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  41. 41. Heteromeles 10:38 am 03/20/2014

    Re: tinamous as over-water dispersers. If ratite ancestor dispersed overwater and then gave rise to extant ratites, where are its insular descendants? That’s what I’m getting at.

    OBVIOUSLY tinamous aren’t on islands, but that’s a problem, isn’t it? The evidence may suggest that the common ancestor of tinamous and ratites was a strong flyer that looked nothing like any of the extant forms, especially since the extant forms look kind of like each other through convergence. Still, it would be a lot easier to buy if there were weird flightless birds on other micro-continental islands that could be linked to that ancestral ratite. I suppose the Kagu is a neognath?

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  42. 42. Yodelling Cyclist 10:52 am 03/20/2014

    So…if the proto-ratite is some ultra over ocean disperser, why is/aren’t it/its descendants just EVERYWHERE? This is sort of why I raised the other flightless birds for comparison. How did they disperse? If gastornithids didn’t have a terrestrial dispersal, did they have some equivalent super volant ancestor that went flightless everywhere? Terror birds as well?

    Are we sure ratites aren’t penguins? (kidding!)

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  43. 43. John Harshman 11:06 am 03/20/2014

    I was once attacked by a tinamou (Eudromia elegans if I recall, in the bird house at the Miller Park Zoo in Bloomington, Illinois. It ran up to me on the path through the “rain forest” and started pecking furiously at my shoe. No idea why, but perhaps I had transgressed the unwritten law.

    People have jumped through all manner of hoops to save the vicariance hypothesis. Perhaps the worst example in my experience is in Haddrath, O., and A. J. Baker. 2001. Complete mitochondrial DNA genome sequences of extinct birds: Ratite phylogenetics and the vicariance biogeography hypothesis. Proceedings of the Royal Society of London, Series B 268:939-945. But is that a matter for part 2?

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  44. 44. John Harshman 11:10 am 03/20/2014

    So…if the proto-ratite is some ultra over ocean disperser, why is/aren’t it/its descendants just EVERYWHERE?

    Nobody said “ultra”, and local extinction.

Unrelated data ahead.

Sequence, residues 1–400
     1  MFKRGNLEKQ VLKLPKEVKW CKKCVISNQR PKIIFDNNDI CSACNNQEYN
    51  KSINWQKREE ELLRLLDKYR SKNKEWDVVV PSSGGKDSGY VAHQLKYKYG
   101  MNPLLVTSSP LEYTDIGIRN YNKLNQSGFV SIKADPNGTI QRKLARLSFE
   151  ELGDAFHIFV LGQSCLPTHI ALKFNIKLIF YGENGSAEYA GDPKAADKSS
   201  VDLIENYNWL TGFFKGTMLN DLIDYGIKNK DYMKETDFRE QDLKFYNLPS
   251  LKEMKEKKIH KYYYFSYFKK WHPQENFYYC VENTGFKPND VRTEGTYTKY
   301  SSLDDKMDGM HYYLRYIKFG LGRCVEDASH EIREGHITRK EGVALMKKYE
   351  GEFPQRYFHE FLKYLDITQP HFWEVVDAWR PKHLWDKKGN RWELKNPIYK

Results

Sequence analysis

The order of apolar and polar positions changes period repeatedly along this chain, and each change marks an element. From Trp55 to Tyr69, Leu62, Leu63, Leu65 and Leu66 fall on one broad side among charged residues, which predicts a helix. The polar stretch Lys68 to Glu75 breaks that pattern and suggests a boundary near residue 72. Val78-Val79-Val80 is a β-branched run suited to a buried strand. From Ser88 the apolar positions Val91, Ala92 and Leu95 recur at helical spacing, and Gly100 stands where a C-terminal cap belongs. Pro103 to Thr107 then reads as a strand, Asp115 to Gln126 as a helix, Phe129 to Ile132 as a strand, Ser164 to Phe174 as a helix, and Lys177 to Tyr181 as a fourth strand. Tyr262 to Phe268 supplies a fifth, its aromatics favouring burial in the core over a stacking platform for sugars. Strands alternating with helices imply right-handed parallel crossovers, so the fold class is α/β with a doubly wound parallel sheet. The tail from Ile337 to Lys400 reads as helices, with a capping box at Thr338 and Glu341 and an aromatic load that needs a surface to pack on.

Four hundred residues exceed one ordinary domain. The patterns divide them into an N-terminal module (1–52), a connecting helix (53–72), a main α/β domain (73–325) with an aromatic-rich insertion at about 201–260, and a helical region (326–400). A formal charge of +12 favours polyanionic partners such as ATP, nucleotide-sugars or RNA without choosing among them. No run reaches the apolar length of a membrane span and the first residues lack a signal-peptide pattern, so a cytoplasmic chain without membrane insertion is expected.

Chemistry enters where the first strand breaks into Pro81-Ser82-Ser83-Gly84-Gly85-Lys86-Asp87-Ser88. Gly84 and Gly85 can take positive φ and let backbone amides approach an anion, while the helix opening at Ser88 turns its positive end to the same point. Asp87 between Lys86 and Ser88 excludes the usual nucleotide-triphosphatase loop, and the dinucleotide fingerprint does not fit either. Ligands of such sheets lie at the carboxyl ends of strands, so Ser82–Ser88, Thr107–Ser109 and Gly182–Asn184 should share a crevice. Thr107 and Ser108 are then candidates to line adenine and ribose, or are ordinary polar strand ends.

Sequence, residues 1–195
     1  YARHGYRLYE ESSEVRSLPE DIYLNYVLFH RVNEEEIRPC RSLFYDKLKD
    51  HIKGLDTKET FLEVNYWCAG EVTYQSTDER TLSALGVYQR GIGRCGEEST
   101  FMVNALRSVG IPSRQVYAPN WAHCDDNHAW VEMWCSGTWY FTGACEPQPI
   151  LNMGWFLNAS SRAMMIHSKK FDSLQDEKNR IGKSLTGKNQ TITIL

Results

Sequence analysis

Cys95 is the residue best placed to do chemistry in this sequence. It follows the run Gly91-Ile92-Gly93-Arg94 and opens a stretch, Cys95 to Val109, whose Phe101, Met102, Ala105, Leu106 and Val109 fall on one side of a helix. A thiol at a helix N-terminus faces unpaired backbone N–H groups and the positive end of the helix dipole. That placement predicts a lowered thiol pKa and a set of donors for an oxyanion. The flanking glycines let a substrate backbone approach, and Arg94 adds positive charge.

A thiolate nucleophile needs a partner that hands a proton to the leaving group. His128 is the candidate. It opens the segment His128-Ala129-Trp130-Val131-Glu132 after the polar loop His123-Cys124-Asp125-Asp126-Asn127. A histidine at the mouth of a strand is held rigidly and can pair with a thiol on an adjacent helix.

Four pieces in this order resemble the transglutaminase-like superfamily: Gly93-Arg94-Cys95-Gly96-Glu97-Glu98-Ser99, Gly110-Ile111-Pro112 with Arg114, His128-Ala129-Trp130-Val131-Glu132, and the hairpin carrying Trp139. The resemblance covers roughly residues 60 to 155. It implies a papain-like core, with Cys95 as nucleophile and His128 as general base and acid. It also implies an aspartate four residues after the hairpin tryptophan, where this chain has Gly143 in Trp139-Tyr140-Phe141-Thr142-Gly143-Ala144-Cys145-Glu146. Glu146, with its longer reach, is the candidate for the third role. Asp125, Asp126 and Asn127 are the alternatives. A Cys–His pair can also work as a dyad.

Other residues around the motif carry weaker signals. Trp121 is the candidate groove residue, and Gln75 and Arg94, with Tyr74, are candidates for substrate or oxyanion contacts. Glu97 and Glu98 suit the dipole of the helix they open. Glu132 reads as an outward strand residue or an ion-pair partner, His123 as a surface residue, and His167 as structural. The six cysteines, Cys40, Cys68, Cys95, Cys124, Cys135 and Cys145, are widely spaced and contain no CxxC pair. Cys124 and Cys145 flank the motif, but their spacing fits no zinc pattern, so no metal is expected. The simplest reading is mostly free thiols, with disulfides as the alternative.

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  45. 45. Yodelling Cyclist 11:23 am 03/20/2014

    Fair point regarding “ultra”, and I retract the hyperbole with apologies. OK with the local extinction, that makes sense, but it seems a bit odd that volant palaeognaths are (waiting for contradiction) not abundant/absent from faunas in the northern hemisphere. This could just be a result of taphonomic bias against birds, I guess, but if the flying palaeognaths can reach NZ from Aus in the Miocene, where are they in the fossil record? If they’re good long range dispersers, why don’t we find them in more places? Wherever palaeognaths are found – with the big exception of tinamous – they seem to be interpreted as flightless.

    Gondwana dispersal seems to make more sense. Phorusrhacids in Africa make more sense that way.

    It’s hard not to be tempted to join the dots with the oddities of the marsupial invasion of Australia and other southern peculiarities. These things may all be parts of a bigger southern dispersal picture that is very hard to piece together. Or maybe I need to be locked in another synchrotron. Hard to say.

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  46. 46. Yodelling Cyclist 11:28 am 03/20/2014

    Now I have learned of Lithornithiformes. This is a good piece to put into the puzzle that really helps. If anyone is in this discussion, and does not know of them, I suggest that wikipedia should be consulted urgently on the matter.

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  47. 47. Heteromeles 11:31 am 03/20/2014

    @Harshman: Occam’s razor, anyone? I get the problem with the vicariance hypothesis. What I’m pointing out is that the overwater dispersal hypothesis says that there was an ancestral strong-flying paleognath (I’m a Yank, shoot me), that spread throughout the isolated continents of Post-Gondwana. On every larg-ish island/continent it colonized, it became flightless and generally grew huge for a bird. Presumably on every smaller island it reached (Seychelles, New Caledonia, volcanic islands, etc), it went extinct?

    That’s a bizarre story too. We’ve got things like rails, pigeons, shorebirds, ducks, and herons that did exactly the opposite. What’s so special about paleognaths that they can become ratites on the biggest islands and die out otherwise?

    I’d say that either story needs evidence to back it up.

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  48. 48. BrianL 11:55 am 03/20/2014

    This may sound like a cop-out, but do realise that unlike for, say, mammals, the fossil record for Paleocene-Pliocene birds tells us very little about anything other than the crudest outlines (except for penguins)and is more about isolated bones than about very complete remains that can be readily placed in fossil series or bushy trees. Extinct birds of any stripe slipping under the radar is to be expected since the fossil record is very patchy to begin with.